This, of course, makes perfect sense if one looks at education mostly as a consumer good, much a car manufacturer looks at how many cars were sold. But is this logic applicable to public education ? Can the number of degrees provide a reliable assessment of crucial aspects, such as the quality of the educational experience, the preparedness of the graduates, the breadth of course offerings, and so on ? It seems like a difficult proposition to accept at face value.
Now, while it is fully understood that a medical patient requires individual attention of doctors and nurses in order to get better, and that replacing that with some Orwellian “certificate of wellness” would be merely a sinister joke; that imposing long work hours on someone who has the responsibility of the many passengers riding the bus would be criminal; in general, that expecting fewer people to do the same (or even more) work can only lead to the deterioration of the performance , when it comes to education the temptation of continuing to grant the same number of degrees with fewer instructors, simply by increasing class size, is seemingly difficult to resist. This is a clear expression of the above-mentioned conflict between the two different aspects of education.
While the impact of fewer nurses at a hospital is obvious, impossible to conceal, it is much more difficult to assess the effect on student experience of bringing the size of a large introductory physics course for life science majors, say, from 200 to 400 (any reference to real events is …). After all, all those students will attend the same lectures, purchase the same textbook, work on the same online homework assignments and tests, receive a grade, just as in a smaller class… in fact why stop at 400 ? Why not go to 800, or a thousand ? It’s just matter of building a sufficiently large lecture hall, with powerful speakers and a large screens.
Sure, if students complained, if they sent letters to department chairs, deans, provosts, lamenting the limited individual time with the instructors, the impersonal environment, the inconvenient and rigid setting that such a large class requires (e.g., the impossibility of using white boards), that may provide a disincentive to running classes of large size — but for the most part they do not. They approach such large classes pretty much like they would approach public inoculation — stand in line for a hours, get your shot, suffer a bit, never think of it again.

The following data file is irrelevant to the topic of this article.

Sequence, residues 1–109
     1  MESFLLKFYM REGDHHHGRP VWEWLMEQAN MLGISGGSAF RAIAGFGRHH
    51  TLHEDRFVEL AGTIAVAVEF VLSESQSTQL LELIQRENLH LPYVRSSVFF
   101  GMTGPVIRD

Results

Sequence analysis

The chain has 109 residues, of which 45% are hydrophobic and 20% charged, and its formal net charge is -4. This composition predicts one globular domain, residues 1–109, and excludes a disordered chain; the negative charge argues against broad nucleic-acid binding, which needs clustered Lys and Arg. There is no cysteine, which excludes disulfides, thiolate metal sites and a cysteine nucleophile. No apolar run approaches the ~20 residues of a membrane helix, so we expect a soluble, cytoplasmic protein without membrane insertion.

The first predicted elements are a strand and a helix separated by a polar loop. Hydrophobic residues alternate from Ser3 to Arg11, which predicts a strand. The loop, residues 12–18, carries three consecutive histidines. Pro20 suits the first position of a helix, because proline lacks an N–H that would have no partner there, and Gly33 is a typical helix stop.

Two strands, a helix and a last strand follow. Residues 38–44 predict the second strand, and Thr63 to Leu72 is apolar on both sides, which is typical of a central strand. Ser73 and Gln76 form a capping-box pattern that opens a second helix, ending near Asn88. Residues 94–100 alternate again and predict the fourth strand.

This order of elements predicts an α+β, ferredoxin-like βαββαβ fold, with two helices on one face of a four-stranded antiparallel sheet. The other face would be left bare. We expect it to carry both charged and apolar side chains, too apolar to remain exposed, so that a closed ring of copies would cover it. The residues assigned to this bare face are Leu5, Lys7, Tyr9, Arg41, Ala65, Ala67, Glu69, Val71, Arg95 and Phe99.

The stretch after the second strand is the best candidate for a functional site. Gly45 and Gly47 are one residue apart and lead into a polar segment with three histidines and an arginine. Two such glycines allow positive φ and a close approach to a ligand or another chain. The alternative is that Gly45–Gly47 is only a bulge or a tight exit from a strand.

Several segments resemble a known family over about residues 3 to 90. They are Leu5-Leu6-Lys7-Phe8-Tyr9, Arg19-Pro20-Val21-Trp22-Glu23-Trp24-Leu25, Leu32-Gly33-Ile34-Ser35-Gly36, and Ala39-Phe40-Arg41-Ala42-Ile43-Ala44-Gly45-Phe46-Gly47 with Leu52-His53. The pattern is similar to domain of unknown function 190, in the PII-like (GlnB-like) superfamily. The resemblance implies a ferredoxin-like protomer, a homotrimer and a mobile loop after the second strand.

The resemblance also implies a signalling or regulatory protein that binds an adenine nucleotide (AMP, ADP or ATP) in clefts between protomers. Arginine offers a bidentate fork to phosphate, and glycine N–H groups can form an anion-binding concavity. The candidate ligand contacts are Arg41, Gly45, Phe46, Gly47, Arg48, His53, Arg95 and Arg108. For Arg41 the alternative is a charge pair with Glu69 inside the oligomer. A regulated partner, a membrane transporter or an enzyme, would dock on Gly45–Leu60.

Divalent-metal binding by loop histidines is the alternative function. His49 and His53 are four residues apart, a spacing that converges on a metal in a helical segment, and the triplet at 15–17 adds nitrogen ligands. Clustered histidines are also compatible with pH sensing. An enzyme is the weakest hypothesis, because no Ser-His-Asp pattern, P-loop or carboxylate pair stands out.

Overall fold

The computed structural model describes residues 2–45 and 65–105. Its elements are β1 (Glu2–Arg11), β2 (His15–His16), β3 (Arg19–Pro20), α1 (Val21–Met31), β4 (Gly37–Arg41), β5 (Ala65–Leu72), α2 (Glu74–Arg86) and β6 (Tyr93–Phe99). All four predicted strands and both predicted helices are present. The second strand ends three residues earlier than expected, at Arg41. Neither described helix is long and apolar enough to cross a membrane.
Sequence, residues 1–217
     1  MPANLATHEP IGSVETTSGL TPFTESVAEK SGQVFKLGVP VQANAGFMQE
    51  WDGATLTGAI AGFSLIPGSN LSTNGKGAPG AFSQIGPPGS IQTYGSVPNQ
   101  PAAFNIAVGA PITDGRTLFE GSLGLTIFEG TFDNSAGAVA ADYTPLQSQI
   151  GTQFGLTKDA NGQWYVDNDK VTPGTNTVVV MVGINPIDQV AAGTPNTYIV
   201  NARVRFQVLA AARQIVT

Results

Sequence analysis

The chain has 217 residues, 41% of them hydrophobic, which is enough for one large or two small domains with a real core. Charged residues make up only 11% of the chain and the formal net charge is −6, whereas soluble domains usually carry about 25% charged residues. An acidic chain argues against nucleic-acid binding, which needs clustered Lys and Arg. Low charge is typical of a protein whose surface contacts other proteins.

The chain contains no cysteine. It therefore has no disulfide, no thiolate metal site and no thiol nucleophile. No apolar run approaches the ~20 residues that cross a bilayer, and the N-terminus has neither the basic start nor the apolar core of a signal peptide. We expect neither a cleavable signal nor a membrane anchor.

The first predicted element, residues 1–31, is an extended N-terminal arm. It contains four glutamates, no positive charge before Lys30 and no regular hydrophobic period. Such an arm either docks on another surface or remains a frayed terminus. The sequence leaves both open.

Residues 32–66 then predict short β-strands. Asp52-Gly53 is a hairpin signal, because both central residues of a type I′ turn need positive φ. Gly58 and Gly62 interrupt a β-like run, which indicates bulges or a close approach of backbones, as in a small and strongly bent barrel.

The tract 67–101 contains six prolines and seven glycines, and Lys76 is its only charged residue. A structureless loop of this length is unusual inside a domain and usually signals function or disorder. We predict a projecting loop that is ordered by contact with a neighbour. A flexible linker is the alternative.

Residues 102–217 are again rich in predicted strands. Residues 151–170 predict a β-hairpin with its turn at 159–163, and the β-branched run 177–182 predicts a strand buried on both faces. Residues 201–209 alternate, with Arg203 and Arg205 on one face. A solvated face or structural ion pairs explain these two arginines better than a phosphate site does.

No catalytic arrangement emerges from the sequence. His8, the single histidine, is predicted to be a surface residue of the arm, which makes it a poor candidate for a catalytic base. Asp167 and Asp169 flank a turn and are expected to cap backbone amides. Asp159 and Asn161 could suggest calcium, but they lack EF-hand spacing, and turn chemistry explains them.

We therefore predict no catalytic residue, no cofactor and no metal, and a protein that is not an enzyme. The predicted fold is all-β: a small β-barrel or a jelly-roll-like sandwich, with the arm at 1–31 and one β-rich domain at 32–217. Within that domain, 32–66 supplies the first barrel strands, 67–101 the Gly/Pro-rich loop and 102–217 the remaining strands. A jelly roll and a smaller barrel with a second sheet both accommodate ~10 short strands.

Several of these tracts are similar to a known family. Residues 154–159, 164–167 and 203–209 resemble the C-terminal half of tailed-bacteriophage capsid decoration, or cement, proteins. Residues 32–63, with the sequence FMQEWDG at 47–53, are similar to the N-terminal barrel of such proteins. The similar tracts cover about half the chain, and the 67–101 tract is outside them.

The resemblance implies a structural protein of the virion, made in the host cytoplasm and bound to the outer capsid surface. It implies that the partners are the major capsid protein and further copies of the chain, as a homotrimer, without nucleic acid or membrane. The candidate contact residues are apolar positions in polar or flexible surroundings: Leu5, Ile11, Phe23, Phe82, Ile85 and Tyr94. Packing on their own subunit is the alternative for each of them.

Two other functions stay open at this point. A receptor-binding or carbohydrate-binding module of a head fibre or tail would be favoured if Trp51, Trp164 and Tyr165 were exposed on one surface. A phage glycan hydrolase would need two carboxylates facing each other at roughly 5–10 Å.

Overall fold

Of course, there is, alas, a world out there, one that has a weird way of thinking that large Student to Faculty Ratio is indicative of poor education and low academic standards, and therefore reducing the number of instructors while keeping the size of the entering class unchanged (or even increasing it) has a negative effect on the quality of the education. As a result, the standing of the institution, as assessed by its place in the most reputable rankings, may go down, and with it (make no mistake) the value and recognition of the degree. But, is that such a serious problem ? Again, if students and taxpayers do not complain, if all it takes is for some high rank administrator to state in public that the administration remains committed to preserving the international reputation blah blah blah, all while taking all the actions that undermine such reputation in the first place, the outcome seems easy to predict.
Could this be what the President of University of Alberta was thinking, or even implying, when downplaying (scoffing ?) in an interview published on the Edmonton Journal the effect of announced budget cuts ?
 It may sound pompous, but paraphrasing the U.S. Constitution, “I hold this truth to be self-evident”. I am not going to expound on it, because if it needs to be explained, if it is not self-evident, then I doubt if I can write anything particularly convincing to that effect.
 It is important to note that things would be no different in the private sector. Let us stick with the analogy with a car maker. Sales are, of course, only part of the equation; for, if sales are up but so are production costs, then the profit margin may not be satisfactory. The CEO of the company, may consider taking action like trimming down the workforce, in order to reduce costs; more often than not, however, production would have to be decreased, and some models discontinued, as seldom is it possible to keep the production at its current level, ensuring the same competitive quality, with fewer workers. Thus, even in the private sector, budget cuts are usually accompanied by fewer customers enjoying a less plentiful product.